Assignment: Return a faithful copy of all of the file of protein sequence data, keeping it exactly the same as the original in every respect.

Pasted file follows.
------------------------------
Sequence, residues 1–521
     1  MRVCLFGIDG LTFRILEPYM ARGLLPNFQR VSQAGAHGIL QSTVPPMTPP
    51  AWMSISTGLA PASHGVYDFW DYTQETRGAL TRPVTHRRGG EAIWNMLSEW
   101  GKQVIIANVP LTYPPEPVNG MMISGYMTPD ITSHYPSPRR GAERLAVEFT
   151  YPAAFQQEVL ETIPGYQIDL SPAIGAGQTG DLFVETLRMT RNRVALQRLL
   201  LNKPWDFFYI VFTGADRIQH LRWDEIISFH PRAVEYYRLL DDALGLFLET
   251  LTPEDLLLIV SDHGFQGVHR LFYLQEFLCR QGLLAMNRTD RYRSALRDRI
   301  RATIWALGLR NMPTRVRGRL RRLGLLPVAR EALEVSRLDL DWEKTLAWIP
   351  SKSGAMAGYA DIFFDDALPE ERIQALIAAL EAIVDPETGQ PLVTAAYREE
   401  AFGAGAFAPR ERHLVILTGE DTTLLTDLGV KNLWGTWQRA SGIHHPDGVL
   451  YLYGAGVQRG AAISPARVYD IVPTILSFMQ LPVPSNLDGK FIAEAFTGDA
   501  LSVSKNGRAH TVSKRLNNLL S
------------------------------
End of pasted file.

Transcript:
Sequence, residues 1–521
     1  MRVCLFGIDG LTFRILEPYM ARGLLPNFQR VSQAGAHGIL QSTVPPMTPP
    51  AWMSISTGLA PASHGVYDFW DYTQETRGAL TRPVTHRRGG EAIWNMLSEW
   101  GKQVIIANVP LTYPPEPVNG MMISGYMTPD ITSHYPSPRR GAERLAVEFT
   151  YPAAFQQEVL ETIPGYQIDL SPAIGAGQTG DLFVETLRMT RNRVALQRLL
   201  LNKPWDFFYI VFTGADRIQH LRWDEIISFH PRAVEYYRLL DDALGLFLET
   251  LTPEDLLLIV SDHGFQGVHR LFYLQEFLCR QGLLAMNRTD RYRSALRDRI
   301  RATIWALGLR NMPTRVRGRL RRLGLLPVAR EALEVSRLDL DWEKTLAWIP
   351  SKSGAMAGYA DIFFDDALPE ERIQALIAAL EAIVDPETGQ PLVTAAYREE
   401  AFGAGAFAPR ERHLVILTGE DTTLLTDLGV KNLWGTWQRA SGIHHPDGVL
   451  YLYGAGVQRG AAISPARVYD IVPTILSFMQ LPVPSNLDGK FIAEAFTGDA
   501  LSVSKNGRAH TVSKRLNNLL S